Assuming that the Q output of bistable 36 is initially low, a high level signal at A (see also FIG. 3) will result in a high level output at B, and from the gate 31. The next clock pulse on line 34 sets the signal at H high, causing the counter 33 to respond to the clock pulses on line 34. At a predetermined count value CO the signal at D goes low, and the bistable 32 is reset by the next clock pulse on line 34. When the bistable 32 is reset, the signal at E goes high and clocks the bistable 36 as well as appearing on the output line 35. The bistable 36 changes stage and the signal at F becomes high, turning off the output of the gate 30, as indicated at B. The cycle restarts when the signal at A goes low, and continues for a further period determined by the predetermined level set by the counter 33. The circuit 19 thus provides on the line 35 a train of pulses T whose frequency is twice that of the pulses on line 17 and whose duration is set by the counter 33. In the present example the duration of each of the pulses T is of the order of 74.44 microsecs. The circuit 20 (FIG. 1) operates similarly to provide on a line 37 a train of pulses C whose frequency is twice that of the pulses on line 18. The duration of each pulse C is however set to be slightly longer than the pulses T, for reasons to be explained later.

The pulses T and C are applied to an up-down counter 40 (FIG. 1) by way of a logic circuit 48 whose truth table is shown in FIG. 4. FIG. 4 indicates, for states of the pulses T and C, whether the counter 40 is to count up U or down D, and is enabled E or otherwise. It will be seen that the counter 40 counts up in response to T pulses and down in response to C pulses. In normal operation and ignoring torsional oscillation of the shaft 10 the values in the counter 40 will be as indicated in FIG. 5. The slightly longer duration of the pulses C ensures that in normal operation there will be no tendency for the maximum value in the counter to creep upwards over a plurality of counting cycles. The counter 40 is prevented, in a manner to be described, from registering a negative count, and thus resets to zero after each cycle.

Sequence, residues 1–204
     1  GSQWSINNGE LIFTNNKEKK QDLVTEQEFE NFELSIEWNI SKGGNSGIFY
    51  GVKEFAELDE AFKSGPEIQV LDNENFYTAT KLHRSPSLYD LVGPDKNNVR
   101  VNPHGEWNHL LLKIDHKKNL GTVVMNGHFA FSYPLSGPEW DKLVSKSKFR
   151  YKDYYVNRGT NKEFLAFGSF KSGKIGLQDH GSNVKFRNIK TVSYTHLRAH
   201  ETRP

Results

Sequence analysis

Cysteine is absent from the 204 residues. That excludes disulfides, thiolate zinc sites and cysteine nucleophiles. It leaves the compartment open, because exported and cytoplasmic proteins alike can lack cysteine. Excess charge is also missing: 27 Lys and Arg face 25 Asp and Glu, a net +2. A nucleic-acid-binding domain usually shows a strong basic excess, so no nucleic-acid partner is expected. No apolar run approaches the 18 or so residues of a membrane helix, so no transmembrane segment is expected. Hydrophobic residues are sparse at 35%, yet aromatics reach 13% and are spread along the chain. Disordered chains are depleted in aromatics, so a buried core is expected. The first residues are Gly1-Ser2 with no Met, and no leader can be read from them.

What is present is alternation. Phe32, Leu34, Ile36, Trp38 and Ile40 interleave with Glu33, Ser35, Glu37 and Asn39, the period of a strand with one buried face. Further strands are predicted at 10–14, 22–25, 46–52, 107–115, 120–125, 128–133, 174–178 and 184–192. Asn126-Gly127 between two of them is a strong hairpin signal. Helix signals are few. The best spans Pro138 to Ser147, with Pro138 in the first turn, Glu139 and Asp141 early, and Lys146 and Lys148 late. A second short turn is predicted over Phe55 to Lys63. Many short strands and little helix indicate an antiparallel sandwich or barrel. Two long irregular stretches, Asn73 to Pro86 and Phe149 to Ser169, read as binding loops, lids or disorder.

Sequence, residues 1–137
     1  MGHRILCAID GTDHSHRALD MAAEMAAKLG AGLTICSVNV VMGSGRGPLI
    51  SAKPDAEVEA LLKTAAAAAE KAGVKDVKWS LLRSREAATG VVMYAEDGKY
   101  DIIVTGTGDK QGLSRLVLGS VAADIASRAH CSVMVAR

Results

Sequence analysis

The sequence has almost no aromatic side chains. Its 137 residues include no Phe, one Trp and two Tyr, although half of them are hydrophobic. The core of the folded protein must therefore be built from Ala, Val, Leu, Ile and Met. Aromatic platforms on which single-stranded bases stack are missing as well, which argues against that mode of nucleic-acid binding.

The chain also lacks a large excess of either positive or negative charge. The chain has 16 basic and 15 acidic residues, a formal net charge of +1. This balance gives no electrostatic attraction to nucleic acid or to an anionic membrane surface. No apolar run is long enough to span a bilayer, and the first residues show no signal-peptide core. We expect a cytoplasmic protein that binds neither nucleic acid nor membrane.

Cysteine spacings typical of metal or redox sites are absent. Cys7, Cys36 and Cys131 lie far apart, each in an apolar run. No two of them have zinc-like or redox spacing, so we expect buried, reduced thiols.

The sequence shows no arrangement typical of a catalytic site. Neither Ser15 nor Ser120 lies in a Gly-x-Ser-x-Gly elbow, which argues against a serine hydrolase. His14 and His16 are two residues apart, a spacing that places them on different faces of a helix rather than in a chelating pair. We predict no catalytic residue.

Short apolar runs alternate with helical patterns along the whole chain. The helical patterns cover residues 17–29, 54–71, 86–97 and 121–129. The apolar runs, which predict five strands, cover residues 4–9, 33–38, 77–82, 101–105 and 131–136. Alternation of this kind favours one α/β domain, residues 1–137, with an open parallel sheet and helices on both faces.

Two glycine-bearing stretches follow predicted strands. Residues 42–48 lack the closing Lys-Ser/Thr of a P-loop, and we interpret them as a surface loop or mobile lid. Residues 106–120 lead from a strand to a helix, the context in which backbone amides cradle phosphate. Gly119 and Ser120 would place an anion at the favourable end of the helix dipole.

The value in the counter 40 is supplied to maximum and minimum value comparators 41, 42 (FIG. 1), the comparator 41 being set to provide an output signal to the S terminal of a bistable 43 when the value in the counter 40 exceeds 360, and the comparator 42 to provide an output signal to the R terminal of the bistable 43 when the count value is less than 280. The comparator arrangement thus has hysteresis and thereby takes into account fluctuations arising from torsional vibrations of the shaft 10. The counter 40 is reset by a signal on a line 44 when the counter value falls to zero. In normal operation the slightly longer pulses C will thereby cause the counter 40 to be reset after each cycle, as indicated above. In the event of breakage of the shaft 10 the value in the counter 40 will progressively rise, as shown in FIG. 6, and when that value exceeds 360 the comparator 41 causes the bistable 43 to provide a high level signal on a line 45.